Volunteer Olegario “Ollie” Cantos has been a Big Brother with Catholic Big Brothers Big Sisters in Los Angeles (CBBBS), one of 460 affiliates of Big Brothers Big Sisters of America (BBBS), since 2000. Mr. Cantos was recently chosen as 2004 Big Brother of the Year by the 27 member agencies of the California Collaborative of Big Brothers Big Sisters. He exemplifies CBBBS’ mission of transforming lives through one-to-one mentoring relationships between a caring adult and a child in need.
Mr. Cantos’ entire life is about service and overcoming obstacles. His motivation for becoming a Big Brother stems from experiences surrounding growing up blind and realizing firsthand the value of mentoring. He writes: “As a blind child, life was difficult at times, not because of any barriers posed by my disability itself, but more accurately because of attitudes by some kids and adults about my blindness, which limited my opportunity for well-rounded growth.” Mr. Cantos has endured the physical and emotional obstacles of his blindness, yet has pursued his goals and achieved them. He received a Bachelor of Arts Degree from Loyola Marymount University and a Juris Doctorate from Loyola Law School in Los Angeles, and has received numerous awards and commendations for volunteer service.
Mr. Cantos understands well the positive effect a caring adult can have on the life of the child. He epitomizes the successes to which numerous mentoring studies give testimony. He is Big Brother to two boys – Seth, now 14, and Vicente, who is disabled due to a traumatic brain injury caused by a car accident when he was very young. Vicente is now 19 years old.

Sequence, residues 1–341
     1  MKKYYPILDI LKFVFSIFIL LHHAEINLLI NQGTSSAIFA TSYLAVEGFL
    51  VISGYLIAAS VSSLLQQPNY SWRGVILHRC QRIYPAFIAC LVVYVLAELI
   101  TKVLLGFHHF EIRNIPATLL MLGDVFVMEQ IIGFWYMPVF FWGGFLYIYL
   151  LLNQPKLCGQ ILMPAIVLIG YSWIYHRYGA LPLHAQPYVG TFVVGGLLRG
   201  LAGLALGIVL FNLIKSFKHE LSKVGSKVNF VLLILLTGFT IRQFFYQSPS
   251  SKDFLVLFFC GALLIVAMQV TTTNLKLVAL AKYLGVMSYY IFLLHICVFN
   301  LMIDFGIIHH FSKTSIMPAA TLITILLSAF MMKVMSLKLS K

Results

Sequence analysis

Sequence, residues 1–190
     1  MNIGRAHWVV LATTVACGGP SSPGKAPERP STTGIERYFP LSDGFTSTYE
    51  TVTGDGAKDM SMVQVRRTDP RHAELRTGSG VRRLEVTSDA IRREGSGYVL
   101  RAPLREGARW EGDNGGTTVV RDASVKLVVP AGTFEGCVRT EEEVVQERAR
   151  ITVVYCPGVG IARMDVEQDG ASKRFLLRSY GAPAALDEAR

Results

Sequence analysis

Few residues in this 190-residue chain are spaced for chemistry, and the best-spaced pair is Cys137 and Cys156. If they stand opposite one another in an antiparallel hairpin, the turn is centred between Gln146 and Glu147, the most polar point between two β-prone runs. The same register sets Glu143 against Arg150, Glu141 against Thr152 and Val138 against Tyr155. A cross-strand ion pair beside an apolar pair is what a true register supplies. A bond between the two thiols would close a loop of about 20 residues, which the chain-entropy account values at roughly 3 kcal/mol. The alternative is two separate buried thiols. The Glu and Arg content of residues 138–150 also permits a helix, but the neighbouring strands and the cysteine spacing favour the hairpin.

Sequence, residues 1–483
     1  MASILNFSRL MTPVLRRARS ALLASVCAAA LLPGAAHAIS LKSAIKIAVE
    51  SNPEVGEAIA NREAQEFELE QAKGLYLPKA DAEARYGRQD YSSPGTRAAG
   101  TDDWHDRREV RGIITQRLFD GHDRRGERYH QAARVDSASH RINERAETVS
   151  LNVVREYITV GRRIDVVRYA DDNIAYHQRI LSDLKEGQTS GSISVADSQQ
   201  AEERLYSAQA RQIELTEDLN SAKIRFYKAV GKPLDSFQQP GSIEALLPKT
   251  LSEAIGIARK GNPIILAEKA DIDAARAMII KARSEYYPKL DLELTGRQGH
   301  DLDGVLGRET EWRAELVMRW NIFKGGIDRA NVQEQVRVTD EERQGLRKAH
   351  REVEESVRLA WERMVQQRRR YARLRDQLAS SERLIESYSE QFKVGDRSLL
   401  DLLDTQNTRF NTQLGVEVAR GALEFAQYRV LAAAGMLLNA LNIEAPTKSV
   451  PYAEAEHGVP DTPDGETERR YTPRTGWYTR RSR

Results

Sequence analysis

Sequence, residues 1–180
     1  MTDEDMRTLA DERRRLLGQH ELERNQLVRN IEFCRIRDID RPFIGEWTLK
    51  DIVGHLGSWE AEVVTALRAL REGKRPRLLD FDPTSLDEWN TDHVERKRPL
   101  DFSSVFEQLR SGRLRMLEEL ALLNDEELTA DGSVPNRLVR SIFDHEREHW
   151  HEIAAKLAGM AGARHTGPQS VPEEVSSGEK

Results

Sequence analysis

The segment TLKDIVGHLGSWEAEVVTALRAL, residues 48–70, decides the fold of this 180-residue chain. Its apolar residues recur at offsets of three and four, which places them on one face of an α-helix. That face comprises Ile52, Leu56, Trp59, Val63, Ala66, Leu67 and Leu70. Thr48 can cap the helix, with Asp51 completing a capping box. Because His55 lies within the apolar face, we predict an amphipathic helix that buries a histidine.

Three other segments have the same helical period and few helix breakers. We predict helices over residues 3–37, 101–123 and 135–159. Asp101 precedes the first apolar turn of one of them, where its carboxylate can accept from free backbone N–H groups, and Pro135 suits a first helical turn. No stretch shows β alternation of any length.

Over the years, the pairs have done just about every activity imaginable – from playing catch to going to the movies, from community service to just hanging out together. Mr. Cantos’ personal disability has never inhibited activity and as he does all things, Mr. Cantos engages his Littles with unbridled enthusiasm, energy, optimism and joy.
Mr. Cantos says: “More than ever, kids these days need positive role models to go to for advice, help guide them on a path to a solid future, and be a buddy to them in good times and in bad. I truly believe that, with the right level of commitment firmly in place, disability becomes immaterial. Indeed, that is exactly what has happened. It’s the quality time that’s most important.” He continues, “As far as I am concerned, these awesome buddies of mine ARE my little brothers, not just as part of the program in name only, but as brothers in every sense of the word. In a very real way, I have adopted them, and these adoptions are for life!”
Now residing in the Washington, D.C. area, Mr. Cantos continues to maintain communication with both his Little Brothers, often talking to them for hours at a time. On August 6, he stepped down as General Counsel and Director of Programs to the 90,000-member American Association of People with Disabilities (AAPD) where he provided advocacy and legal counsel to people with disabilities at a national level and served as the International Coordinator for Disability Mentoring Day. Just yesterday, he began service as the new Special Assistant to the Assistant Attorney General for Civil Rights in the United States Department of Justice. President George W. Bush and Secretary of Labor Elaine L. Chao have recognized him for his work.